Pros: Lively action, some okay puzzles.
Cons: Spends too much time leading players by the hand.
In terms of comic book heroes, Captain America is one of my least favorite. Without the brooding air of a Batman or the glib banter of a Spider-Man, the Captain’s bland all-American style seems well-suited to the propagandistic spirit of World War II but feels out of time amidst the complexities of the modern world. But in video games, attitude takes a back seat to game play, and while I might not want to hang out with Captain America, I did somewhat enjoy being him in Captain America: Super Soldier.
The Basics: A Lot of Action, a Little Puzzle-Solving and Even Less Storytelling.
Captain America spends most of the game wandering around a Nazi castle battling soldiers and robots while solving a number of environmental puzzles that, as in most video games, make no real-world sense. There is little story – Captain America is just helping the allies by clearing out heavy weapons and rescuing the occasional soldier, but at least you always know what’s going on.
Combat is of the basic beat-em-up variety. The Captain can punch or block/counterattack. He can also throw his shield, which is aimed with the Wii remote.
Combat: Your Enemies Tell You When to Hit Them
The game’s approach to combat can be pretty well summed up by the fact that every time you are about to be attacked, an indicator tells you it’s going to happen and what button to press to dodge (the Z button). This is so brain-dead simple that I checked the options to see if there was some way to turn this feature off, but there wasn’t. This makes battle pretty much a matter of pressing the block button when you’re told to and pressing the attack button the rest of the time. The Captain has some interesting moves, as when he grabs the electric gun of an enemy and shocks him with it, but you never feel especially responsible for these cool moves; you’re just pressing buttons and watching.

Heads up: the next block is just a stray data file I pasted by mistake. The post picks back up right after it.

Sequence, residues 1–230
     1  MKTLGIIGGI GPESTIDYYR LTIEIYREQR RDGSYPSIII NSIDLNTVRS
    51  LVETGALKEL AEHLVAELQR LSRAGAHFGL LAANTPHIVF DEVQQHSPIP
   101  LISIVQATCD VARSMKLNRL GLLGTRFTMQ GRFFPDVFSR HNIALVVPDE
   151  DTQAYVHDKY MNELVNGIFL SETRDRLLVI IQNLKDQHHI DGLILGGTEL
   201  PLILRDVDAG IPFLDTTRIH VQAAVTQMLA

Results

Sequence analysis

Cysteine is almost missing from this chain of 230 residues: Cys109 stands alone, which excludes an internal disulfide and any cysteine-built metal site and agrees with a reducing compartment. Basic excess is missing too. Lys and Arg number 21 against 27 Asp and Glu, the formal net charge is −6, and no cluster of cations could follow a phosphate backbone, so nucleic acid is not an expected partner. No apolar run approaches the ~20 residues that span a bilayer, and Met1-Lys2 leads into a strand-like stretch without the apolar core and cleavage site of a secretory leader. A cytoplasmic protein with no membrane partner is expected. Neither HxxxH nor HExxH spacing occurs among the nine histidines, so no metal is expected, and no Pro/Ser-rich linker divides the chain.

Occasionally a more interesting enemy appears. There are dual sword-wielding women who cannot generally be dodged or attacked, meaning you need to throw your shield to stun them. Another enemy is impervious to the shield; throw it at him and he’ll toss it in a corner from which you’ll have to retrieve it. But even the most interesting of the thugs are easy to beat once you know how.
Other Gameplay: Jump and Solve, Easily
Soldier has a similarly dumbed-down approach to its platforming elements. An indicator shows you where you can jump, and all you have to do is hit the jump button to get there. While the platforms and ladders look like they offer a Prince of Persia-style experience, they don’t.
The game also offers a little in the way of collectibles. Bombs planted on walls must be destroyed, and captured allies are there to be rescued (although when they’re just sitting on the floor in a big room one wonders exactly why they don’t just get up and leave rather than wait for the Captain to give them a hand up). There are weapon power-ups, although one’s choices are limited and few of the power-ups are all that exciting.
The Verdict: Looking for a Laid-Back Way to Kill a Few Hours? This Could Be It
In the first couple of chapters, Soldier feels inert, a leaden weight of a game that I played somnambulistically. But as I got further in, the game became more fun. Sometimes overwhelming numbers of enemies offered some challenge, as did two very tough boss battles (the final boss battle is surprisingly easy and quite forgettable). The puzzles were straightforward but occasionally required a little thought. Sometimes the game would do something rather clever, like making me destroy inaccessible triggers by guiding homing missiles towards them with my body.
In spite of its flaws, I generally enjoyed Soldier. Sure it’s a too short, too dumbed down, on rails action game, but it’s always fun shooting an explosive barrel next to a nest of enemies or walking up behind an unaware soldier, tapping him on the shoulder and knocking him out with one punch. Like Captain America himself, the game is stolid, bland and forgettable, but it hits just hard enough to get the job done.